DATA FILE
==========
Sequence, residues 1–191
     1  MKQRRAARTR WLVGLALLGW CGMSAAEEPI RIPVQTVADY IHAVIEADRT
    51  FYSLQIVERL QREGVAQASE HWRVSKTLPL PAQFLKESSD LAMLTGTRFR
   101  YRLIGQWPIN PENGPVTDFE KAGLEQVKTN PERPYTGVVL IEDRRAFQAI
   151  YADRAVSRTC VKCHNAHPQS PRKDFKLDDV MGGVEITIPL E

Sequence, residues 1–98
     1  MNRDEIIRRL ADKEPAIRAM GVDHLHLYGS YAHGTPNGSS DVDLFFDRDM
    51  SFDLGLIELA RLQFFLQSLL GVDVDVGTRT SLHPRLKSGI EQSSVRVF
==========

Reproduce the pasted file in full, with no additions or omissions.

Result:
Sequence, residues 1–191
     1  MKQRRAARTR WLVGLALLGW CGMSAAEEPI RIPVQTVADY IHAVIEADRT
    51  FYSLQIVERL QREGVAQASE HWRVSKTLPL PAQFLKESSD LAMLTGTRFR
   101  YRLIGQWPIN PENGPVTDFE KAGLEQVKTN PERPYTGVVL IEDRRAFQAI
   151  YADRAVSRTC VKCHNAHPQS PRKDFKLDDV MGGVEITIPL E

Sequence, residues 1–98
     1  MNRDEIIRRL ADKEPAIRAM GVDHLHLYGS YAHGTPNGSS DVDLFFDRDM
    51  SFDLGLIELA RLQFFLQSLL GVDVDVGTRT SLHPRLKSGI EQSSVRVF